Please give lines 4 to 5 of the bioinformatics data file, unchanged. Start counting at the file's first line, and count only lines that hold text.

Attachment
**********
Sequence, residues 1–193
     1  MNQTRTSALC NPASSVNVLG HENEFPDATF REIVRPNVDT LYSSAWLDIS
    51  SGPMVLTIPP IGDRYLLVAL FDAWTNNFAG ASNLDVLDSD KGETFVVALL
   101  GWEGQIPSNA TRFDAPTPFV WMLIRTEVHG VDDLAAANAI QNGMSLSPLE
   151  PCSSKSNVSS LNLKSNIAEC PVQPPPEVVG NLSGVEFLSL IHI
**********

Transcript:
   101  GWEGQIPSNA TRFDAPTPFV WMLIRTEVHG VDDLAAANAI QNGMSLSPLE
   151  PCSSKSNVSS LNLKSNIAEC PVQPPPEVVG NLSGVEFLSL IHI